They Changed It So It Sucks: Words in this case, as mentioned above, many fans are upset that the word "Muggle" is replaced by "No-Maj"
With the movie being called Fantastic Beasts and Where to Find Them, you'd think it would be more about, well, the fantastic beasts. While Newt and company catching the beasts does play a part, a large part of the movie is exposition and a subplot that isn't fully explained.
Alternatively, somewhere in the tangle of plots concerning a magical monster loose in New York, Muggles -sorry No-Majs - becoming aware of and hostile to the wizarding world and characters questioning the real reasoning behind the masquerade is a compelling story waiting to be told.
Trapped by Mountain Lions: Almost the entire subplot about the Shaws is irrelevant to the actual plot; it only serves to supply Credence Barebone with an Asshole Victim in the form of Henry Shaw Jr. Langdon helping the Second Salemers or his implied resentment towards his brother, and Henry Sr.'s anger over his son's death end up going nowhere, even when they're explicitly shown outside the subway during the climax as if they're about to do something. Considering their irrelevance and limited screen time, they're surprisingly well-developed, especially when Henry Jr., the only one to be plot relevant in some way, is little more than a Jerkass politician. Perhaps we'll see more of them in the future?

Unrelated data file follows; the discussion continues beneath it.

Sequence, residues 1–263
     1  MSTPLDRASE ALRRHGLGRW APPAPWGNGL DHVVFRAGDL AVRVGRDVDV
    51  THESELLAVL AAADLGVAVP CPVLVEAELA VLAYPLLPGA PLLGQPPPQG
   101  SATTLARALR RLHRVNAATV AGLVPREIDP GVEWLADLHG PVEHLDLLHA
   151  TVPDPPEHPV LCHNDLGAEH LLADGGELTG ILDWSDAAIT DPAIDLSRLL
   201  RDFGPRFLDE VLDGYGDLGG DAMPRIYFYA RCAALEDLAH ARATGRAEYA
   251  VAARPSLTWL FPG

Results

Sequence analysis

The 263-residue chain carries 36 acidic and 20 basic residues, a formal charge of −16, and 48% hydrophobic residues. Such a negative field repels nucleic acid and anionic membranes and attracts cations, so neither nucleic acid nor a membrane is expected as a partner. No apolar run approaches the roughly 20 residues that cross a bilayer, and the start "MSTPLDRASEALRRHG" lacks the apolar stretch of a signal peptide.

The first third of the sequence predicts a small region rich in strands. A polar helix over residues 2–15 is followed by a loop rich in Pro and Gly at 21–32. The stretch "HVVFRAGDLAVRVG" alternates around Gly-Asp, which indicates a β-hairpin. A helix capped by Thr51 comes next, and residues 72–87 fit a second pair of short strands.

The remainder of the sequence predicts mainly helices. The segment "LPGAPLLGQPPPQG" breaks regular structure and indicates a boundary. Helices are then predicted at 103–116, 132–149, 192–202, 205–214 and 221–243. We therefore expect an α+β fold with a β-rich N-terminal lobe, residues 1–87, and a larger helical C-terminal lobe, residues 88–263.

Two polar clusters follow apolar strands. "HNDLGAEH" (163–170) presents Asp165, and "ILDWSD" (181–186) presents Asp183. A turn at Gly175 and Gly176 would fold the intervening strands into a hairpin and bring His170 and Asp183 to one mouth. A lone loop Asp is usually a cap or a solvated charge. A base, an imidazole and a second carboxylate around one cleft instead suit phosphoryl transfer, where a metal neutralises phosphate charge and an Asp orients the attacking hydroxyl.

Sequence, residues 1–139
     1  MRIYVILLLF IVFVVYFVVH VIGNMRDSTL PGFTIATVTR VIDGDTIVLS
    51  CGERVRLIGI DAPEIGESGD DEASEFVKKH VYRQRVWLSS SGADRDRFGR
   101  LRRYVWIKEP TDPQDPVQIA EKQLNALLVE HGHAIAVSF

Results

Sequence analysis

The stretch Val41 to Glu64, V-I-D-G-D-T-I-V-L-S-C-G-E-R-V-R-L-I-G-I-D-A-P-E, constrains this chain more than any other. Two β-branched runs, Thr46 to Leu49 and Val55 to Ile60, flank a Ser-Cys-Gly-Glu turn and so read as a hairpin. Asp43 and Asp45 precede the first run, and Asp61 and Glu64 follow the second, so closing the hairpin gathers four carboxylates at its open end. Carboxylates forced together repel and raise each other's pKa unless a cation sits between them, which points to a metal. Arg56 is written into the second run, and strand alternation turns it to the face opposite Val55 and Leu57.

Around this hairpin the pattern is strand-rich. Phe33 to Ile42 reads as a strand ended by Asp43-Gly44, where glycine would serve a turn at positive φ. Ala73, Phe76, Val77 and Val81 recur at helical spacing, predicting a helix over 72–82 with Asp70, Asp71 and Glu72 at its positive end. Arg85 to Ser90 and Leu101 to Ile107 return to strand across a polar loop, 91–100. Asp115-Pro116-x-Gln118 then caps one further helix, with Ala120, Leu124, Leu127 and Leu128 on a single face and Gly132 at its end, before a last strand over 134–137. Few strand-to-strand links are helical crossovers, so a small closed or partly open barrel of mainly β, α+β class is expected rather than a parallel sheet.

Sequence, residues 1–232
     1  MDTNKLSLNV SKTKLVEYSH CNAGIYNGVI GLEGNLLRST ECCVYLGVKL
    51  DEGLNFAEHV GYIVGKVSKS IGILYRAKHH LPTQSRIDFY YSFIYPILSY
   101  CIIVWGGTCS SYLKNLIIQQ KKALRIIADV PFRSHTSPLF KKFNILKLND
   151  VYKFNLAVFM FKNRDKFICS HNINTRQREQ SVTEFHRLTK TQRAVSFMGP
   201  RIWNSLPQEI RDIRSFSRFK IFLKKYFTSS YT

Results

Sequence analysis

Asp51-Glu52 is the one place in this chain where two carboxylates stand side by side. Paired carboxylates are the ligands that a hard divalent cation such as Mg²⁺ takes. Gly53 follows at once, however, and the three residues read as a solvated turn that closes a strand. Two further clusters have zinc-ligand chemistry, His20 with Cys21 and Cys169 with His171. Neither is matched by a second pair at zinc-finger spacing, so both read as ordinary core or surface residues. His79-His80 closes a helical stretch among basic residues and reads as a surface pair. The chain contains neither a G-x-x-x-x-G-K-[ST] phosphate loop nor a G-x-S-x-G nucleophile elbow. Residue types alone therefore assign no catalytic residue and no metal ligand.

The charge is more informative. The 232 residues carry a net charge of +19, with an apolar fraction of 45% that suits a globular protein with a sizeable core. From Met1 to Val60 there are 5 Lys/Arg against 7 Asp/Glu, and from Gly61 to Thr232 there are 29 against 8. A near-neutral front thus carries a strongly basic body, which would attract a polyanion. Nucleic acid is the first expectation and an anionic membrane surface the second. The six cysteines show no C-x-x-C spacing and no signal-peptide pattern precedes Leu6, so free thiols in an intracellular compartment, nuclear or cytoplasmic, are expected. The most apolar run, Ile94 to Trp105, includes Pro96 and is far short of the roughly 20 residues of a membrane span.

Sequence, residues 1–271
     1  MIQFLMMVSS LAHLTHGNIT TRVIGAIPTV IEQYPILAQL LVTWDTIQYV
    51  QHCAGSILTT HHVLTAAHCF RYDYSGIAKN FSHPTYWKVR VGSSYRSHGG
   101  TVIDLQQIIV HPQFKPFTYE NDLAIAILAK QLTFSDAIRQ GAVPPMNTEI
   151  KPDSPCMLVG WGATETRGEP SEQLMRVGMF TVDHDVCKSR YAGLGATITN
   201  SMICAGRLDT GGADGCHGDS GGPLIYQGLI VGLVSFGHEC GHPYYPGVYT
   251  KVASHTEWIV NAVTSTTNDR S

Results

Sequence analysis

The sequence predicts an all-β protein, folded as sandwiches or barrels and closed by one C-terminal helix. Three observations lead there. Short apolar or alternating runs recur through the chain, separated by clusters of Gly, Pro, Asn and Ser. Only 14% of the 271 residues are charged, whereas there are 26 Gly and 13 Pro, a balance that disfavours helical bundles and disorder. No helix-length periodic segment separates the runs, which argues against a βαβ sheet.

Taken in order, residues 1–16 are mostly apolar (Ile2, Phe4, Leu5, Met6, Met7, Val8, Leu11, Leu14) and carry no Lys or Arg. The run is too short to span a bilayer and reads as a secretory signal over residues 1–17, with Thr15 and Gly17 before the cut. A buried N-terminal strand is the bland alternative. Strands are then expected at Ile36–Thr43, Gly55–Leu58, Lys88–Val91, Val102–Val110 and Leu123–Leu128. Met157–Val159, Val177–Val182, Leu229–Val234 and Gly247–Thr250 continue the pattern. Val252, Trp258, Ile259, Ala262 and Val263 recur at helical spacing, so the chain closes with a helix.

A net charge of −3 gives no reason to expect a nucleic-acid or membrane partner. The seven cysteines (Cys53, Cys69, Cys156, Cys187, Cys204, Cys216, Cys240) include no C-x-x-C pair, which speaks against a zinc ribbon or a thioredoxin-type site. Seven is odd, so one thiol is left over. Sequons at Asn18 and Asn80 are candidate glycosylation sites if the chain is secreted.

Unintentionally Unsympathetic: Picquery can be a Reasonable Authority Figure, but at times it seems almost as if she is just taking out stress on Tina. This seems especially true at the second meeting scene wherein she sees proof that what is going on might be linked to Tina's emergency yesterday... then proceeds to order Tina to be punished for not telling them sooner when she brushed Tina off.
Catch someone violating the laws? Why, bring them up to the president directly without regards for her being in a meeting. Or better yet, having no security for said meeting to stop her. Although this is mitigated slightly by the fact that the president seems to be in the Auror office for a meeting with Graves, Tina asks to be taken to 'major investigations', rather than directly to the president, and seems surprised to see Picquery herself is there. This is more an unfortunate series of coincidences than anything else.
Woolseyism: In Japan, the film is titled ファンタスティック・ビーストと魔法使いの旅 (roughly Fantastic Beasts and the Wizard's Journey), following the naming structure of the Potter books and helping to show that this is a new adventure taking place in the same universe. Additionally, the bottom of the kana character ビ is elongated into an occamy's tail much like the S in Beasts in the English logo.